After we ate, we walked over to the kitchen area and spent ten minutes with the SAGE manager, Randy. This wasn't a coincidence. Randy is from my home town in Nebraska; in fact, I started school with his older brother. We are FACEBOOK friends; still, I cannot recall with certainty ever meeting Randy in the actual world. But as we talked, I found it fascinating how we viewed the same small town and many of the same folks from a different perspective. We spoke of people I knew whose siblings were Randy's friends. I shared some information about a situation which shed some light for him. He told me that he remembered me playing high school basketball because he came with his brother who filmed all of our games. (You might want to read last night's entry in relation to these films, several of which are now in my possession.) And as Karen and I returned to her office, I found myself with a brand new respect, both professionally and socially, for a man I only knew from a few FACEBOOK posts.

Last week, all five of my classes tested over material called Background of the Gospels. We speak of how the story of Jesus was written by four men who came to the telling from different backgrounds and were addressing different issues to different audiences at different times. Even through the inspiration of the Holy Spirit, the author apostles would have had non-identical angles on what they saw and heard. The four books were penned at four different times, with John coming significantly later than Matthew, Mark, or Luke. Mark and Luke would have had different sources for their narrative. I illustrate this by asking the kids what would happen if I had four of them to write down their thoughts on the same chapel service in which they all participated. Their accounts might be much different but at the same time, accurate. When you put the four chronicles together, you have an overarching view of the life on earth of the Savior. And that's what I gleaned from talking to Randy. I have a fresher insight into my life decades ago in a place called York, Nebraska even though what I heard was not-earth shattering. Maybe my memories are just a little clearer today. Perhaps the road to and from my childhood which I have traveled on frequently has a few less detours for me to navigate. Maybe I'll gain some insight into the Jesus I teach for one hundred eighty days per year. And one more thing: the turkey was awesome!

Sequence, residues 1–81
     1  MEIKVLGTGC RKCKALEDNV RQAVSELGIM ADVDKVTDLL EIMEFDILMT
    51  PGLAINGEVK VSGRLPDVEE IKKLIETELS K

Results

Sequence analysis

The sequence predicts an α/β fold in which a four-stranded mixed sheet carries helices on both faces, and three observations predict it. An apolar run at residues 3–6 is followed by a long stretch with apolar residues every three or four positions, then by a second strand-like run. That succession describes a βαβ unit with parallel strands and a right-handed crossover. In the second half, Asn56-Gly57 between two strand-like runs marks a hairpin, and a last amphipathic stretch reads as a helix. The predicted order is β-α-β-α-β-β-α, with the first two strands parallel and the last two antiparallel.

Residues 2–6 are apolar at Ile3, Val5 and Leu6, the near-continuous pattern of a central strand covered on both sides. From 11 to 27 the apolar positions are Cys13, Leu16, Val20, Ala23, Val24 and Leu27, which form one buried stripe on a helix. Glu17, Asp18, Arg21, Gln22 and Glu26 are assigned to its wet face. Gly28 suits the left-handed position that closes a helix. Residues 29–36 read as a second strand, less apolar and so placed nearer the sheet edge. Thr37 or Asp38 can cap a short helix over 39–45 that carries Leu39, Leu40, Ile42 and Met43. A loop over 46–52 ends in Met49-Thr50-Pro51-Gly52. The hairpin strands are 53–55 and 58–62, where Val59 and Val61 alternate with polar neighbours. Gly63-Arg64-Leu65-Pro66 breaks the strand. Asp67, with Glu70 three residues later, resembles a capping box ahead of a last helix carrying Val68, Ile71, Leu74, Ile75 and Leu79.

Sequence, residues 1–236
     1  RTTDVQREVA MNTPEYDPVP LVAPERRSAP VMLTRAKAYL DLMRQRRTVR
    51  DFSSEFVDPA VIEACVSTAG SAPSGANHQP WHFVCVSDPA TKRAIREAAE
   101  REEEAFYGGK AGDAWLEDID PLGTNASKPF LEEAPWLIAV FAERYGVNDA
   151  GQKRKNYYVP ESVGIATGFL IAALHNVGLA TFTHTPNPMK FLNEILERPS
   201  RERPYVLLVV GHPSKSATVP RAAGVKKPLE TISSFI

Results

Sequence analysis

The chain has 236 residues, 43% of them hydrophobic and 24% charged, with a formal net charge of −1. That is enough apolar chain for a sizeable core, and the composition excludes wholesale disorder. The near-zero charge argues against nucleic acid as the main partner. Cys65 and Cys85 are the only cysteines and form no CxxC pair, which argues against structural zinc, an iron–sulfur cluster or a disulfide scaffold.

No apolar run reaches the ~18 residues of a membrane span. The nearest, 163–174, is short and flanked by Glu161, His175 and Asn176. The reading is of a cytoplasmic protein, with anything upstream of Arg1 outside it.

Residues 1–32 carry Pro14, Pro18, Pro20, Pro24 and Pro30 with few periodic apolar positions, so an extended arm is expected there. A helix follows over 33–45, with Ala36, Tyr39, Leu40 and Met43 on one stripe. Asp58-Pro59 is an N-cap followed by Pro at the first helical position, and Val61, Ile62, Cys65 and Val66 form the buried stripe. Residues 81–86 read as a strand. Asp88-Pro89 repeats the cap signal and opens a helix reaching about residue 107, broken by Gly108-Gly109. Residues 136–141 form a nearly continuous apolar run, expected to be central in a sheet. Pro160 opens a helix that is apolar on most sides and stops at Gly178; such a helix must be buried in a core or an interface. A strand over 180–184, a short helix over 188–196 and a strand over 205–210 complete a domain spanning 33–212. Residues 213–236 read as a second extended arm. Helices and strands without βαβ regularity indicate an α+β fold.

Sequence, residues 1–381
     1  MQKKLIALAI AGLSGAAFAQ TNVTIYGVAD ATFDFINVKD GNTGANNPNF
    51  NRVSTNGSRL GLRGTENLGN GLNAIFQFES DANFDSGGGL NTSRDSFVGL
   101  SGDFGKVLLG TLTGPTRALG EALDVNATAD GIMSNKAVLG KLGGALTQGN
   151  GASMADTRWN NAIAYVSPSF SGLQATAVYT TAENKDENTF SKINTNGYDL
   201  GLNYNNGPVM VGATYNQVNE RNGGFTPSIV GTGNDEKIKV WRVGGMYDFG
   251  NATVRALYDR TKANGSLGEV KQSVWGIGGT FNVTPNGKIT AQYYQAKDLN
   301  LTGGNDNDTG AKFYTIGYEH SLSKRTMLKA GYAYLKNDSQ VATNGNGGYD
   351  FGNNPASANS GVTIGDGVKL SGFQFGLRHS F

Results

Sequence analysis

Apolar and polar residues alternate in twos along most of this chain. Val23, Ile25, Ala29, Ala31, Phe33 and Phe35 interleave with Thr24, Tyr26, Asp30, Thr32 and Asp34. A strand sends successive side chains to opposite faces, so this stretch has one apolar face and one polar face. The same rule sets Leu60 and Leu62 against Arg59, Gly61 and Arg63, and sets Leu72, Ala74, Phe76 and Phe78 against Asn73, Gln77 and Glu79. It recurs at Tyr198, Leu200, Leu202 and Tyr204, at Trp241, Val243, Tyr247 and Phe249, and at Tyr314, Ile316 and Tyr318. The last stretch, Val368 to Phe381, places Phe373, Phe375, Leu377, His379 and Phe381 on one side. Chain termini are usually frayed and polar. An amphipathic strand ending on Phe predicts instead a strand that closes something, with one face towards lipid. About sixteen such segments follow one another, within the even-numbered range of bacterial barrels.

Applicable quote of the day:

Tuesday, November 24, 2015

Memories In Black And White

York City Auditorium
York, Nebraska
Basketball games in Texas begin earlier than in Nebraska. I would guess our high school teams at WCS have already played a combined 18-20 games. The following, from August 6, 2006, is a trip down my athletic memory lane.

Video tape has spoiled us. I can tape a basketball drill and immediately take my players off the floor to watch it. It was different when I played. Our high school games (York High: York, Nebraska) were recorded on Super 8mm film but because it took time to develop, we never watched them. Our coach, Dale Neal, swapped the films with other coaches for scouting purposes. Several years ago, York High sponsored an alumni basketball tournament. One of my high school teammates, Don Knipfel, found five cans of film from the games our senior year. Apparently, they were about to be thrown out and were available for anyone who wanted them. All five were home games played at the York City Auditorium. Don acquired the films and converted one into VHS format. I was blessed when he sent me a copy, along with the four remaining canisters. This week, I had one of the games converted from Super 8mm to DVD with a musical soundtrack added. By the end of the week, I hope to have mailed copies to my seven senior teammates from that long ago season. I have been looking for a way to reconnect and maybe this is the way the Lord will provide.